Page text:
When a WordPress user requests a non-existing page on your WordPress website, which is also commonly known as a 404 request, the WP Security Audit Log plugin keeps a record of such request in the WordPress audit trail. As shown in the screenshot below, the Alert ID for 404 requests is 6007.
In case a non-logged in user requests a non-existing page, the WordPress plugin also keeps a record in the WordPress audit trail using Alert 6023, as shown in the below screenshot:
Note: Such requests are called 404 requests because the web server returns a HTTP 404 error when a non-existing page is requested. Refer to the list of HTTP Status codes on Wikipedia for more information.
Capturing the URLs That Generated 404 Errors to a Log File
By default the logging of 404 requests of non-WordPress users, i.e. website visitors is disabled. Only that of the WordPress users is enabled. This document explains how to change the logging options. Note that all of the below logging options are available for the individual alerts 6007 and 6023.
When the plugin detects a 404 request it also keeps a log of the URLs that were requested and generated a 404 HTTP error code. To either disable or enable the logging of 404 requests follow the below procedure:
- Navigate to the Enable/Disable Alerts node in the WP Security Audit Log plugin menu.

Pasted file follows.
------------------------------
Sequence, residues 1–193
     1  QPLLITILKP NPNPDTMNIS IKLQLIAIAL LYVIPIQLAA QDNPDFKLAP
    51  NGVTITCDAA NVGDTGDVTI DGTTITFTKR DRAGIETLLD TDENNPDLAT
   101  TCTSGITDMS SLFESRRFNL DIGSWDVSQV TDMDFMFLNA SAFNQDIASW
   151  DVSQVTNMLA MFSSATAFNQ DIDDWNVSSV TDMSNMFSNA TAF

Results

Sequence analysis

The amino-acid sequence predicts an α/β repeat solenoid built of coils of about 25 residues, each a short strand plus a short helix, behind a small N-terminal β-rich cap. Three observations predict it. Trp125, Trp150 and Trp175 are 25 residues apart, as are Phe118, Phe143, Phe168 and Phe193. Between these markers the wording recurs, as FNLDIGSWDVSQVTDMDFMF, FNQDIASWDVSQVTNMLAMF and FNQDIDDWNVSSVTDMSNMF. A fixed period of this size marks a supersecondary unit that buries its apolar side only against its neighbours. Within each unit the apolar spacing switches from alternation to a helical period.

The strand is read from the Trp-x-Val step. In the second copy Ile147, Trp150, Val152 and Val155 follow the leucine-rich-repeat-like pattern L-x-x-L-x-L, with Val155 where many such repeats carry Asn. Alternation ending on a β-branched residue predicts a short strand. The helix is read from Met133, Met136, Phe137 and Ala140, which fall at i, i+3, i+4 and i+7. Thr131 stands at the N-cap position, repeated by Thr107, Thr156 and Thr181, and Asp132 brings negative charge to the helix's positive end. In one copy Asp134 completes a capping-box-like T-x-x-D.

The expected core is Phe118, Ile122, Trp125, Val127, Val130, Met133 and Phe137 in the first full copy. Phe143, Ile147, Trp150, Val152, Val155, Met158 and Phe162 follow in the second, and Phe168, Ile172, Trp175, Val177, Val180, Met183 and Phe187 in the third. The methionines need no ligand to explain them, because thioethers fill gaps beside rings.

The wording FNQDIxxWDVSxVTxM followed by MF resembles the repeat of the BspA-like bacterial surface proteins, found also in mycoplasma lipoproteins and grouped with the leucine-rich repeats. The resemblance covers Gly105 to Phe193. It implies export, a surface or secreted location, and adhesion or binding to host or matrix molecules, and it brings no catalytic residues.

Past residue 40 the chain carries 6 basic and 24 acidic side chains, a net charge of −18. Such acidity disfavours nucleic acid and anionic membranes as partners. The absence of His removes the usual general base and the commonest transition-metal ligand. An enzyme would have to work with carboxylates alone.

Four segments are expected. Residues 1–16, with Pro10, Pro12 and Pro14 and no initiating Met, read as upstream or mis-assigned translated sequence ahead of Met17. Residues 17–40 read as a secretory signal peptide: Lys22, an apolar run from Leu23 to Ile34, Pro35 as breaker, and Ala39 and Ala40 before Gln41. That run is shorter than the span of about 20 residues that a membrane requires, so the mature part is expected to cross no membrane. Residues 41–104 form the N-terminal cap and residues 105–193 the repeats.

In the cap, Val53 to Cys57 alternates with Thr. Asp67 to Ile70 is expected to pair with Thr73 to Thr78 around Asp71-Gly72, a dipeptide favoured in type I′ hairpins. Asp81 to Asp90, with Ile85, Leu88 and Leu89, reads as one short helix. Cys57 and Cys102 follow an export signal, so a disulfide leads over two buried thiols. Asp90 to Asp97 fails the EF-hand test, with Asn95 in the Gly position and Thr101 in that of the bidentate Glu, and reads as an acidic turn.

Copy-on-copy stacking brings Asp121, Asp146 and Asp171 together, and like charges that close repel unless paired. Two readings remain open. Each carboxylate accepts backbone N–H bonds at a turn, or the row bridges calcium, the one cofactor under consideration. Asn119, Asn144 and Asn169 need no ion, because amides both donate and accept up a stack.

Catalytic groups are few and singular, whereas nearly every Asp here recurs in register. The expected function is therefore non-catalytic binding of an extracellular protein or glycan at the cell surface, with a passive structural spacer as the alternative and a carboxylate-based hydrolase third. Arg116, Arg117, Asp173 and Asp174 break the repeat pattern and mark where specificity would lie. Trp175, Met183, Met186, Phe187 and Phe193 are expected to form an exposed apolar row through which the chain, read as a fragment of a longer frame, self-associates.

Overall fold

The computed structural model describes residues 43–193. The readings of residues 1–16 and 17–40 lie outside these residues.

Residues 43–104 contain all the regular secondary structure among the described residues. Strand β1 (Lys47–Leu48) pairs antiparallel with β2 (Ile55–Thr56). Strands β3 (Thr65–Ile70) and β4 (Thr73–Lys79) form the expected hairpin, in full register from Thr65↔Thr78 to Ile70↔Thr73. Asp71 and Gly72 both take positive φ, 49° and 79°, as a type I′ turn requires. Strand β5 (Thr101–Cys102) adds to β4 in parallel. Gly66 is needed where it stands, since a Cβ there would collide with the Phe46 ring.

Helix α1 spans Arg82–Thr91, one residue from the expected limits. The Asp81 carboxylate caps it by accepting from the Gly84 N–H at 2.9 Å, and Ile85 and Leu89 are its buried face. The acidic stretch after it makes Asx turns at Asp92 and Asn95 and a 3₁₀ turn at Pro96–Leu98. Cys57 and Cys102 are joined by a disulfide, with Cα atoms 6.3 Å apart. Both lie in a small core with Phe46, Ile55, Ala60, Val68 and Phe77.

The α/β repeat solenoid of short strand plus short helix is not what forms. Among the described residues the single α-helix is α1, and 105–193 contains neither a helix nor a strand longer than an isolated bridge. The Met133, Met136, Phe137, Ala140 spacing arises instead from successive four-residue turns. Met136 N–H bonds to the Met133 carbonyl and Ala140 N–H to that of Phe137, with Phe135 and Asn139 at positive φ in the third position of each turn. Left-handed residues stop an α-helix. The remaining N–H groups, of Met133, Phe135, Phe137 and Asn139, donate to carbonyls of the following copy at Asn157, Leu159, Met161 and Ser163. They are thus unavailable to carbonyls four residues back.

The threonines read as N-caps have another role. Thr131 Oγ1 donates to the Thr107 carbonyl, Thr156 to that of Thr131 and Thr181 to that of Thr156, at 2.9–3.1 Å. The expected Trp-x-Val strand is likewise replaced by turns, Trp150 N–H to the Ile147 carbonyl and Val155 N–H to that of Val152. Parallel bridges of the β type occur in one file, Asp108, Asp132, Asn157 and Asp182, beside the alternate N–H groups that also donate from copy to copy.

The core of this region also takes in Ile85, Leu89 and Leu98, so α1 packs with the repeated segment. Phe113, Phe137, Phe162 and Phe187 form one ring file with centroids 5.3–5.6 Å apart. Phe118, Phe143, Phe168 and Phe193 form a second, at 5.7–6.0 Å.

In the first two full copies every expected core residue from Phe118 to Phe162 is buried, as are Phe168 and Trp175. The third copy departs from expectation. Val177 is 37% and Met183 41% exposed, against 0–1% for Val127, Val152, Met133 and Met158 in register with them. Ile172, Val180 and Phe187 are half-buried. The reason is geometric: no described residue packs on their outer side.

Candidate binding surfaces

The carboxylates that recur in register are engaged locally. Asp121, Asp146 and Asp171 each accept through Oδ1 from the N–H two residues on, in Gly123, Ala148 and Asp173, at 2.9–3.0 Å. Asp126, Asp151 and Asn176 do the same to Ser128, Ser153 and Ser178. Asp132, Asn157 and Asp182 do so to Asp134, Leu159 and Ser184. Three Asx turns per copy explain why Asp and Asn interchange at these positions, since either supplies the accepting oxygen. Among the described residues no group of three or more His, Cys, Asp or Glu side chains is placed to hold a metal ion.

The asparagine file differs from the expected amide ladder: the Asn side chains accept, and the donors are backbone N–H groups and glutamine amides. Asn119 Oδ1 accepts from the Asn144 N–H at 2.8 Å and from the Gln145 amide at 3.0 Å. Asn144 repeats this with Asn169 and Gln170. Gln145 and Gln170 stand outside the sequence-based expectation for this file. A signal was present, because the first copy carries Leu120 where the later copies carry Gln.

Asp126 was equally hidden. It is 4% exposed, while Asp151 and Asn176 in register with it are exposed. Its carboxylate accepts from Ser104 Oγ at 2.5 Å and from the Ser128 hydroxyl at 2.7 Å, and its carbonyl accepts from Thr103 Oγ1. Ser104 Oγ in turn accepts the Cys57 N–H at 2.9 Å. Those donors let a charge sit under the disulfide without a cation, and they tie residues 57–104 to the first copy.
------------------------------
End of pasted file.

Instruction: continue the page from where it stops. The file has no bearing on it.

- Click thew WordPress & Multisite Management tab.
- Click the System Activity tab where all the WordPress system alerts can be found.
- Enable the option Capture 404 requests to file as seen in the screenshot below.
Automatically Purging Log Files
To automatically purge log files which are older than one month enable the option Purge log files older than one month which is marked with number 5 in the above screenshot.
Configuring the Number of 404 Requests to Log
By default the plugin will keep keep a log of 99 requests in the log file. Therefore if a logged in user from a specific IP address requests 100 non-existing pages the plugin will keep a log of the first 99 requests. Once 24 hours pass it will reset the count and starts counting again. To increase or decrease the number of logged non-existing pages requests (404 requests) specify the number of requests you’d like to keep a log of in the option Number of 404 Requests to Log, which is highlighted with the number 6 in the above screenshot.
Capturing the Referrer that generated the 404 Error
You can also configure the plugin to capture the referrer which has generated the 404 error. So if you have a broken link and your website visitors click on it, you know where the broken link is. To enable the logging of the referrer in the log file enable the option Record the referrer that generated the 404 error which is marked with number 7 in the screenshot above.
Analysing the 404 Requests in the Logfiles
All the log files with the 404 requests that WordPress users requested are saved in the below directory:
All the log files with 404 requests that non-WordPress users (website visitors) requested are saved in the below directory:
In case of multisite, they are saved in the uploads folder of that specific site on the network, for example:
The naming format of the log files is [Alert_id]_[yyyymmdd].log. The Alert_id can be either 6007 in case of the log file for WordPress users or 6023 in case of website visitors.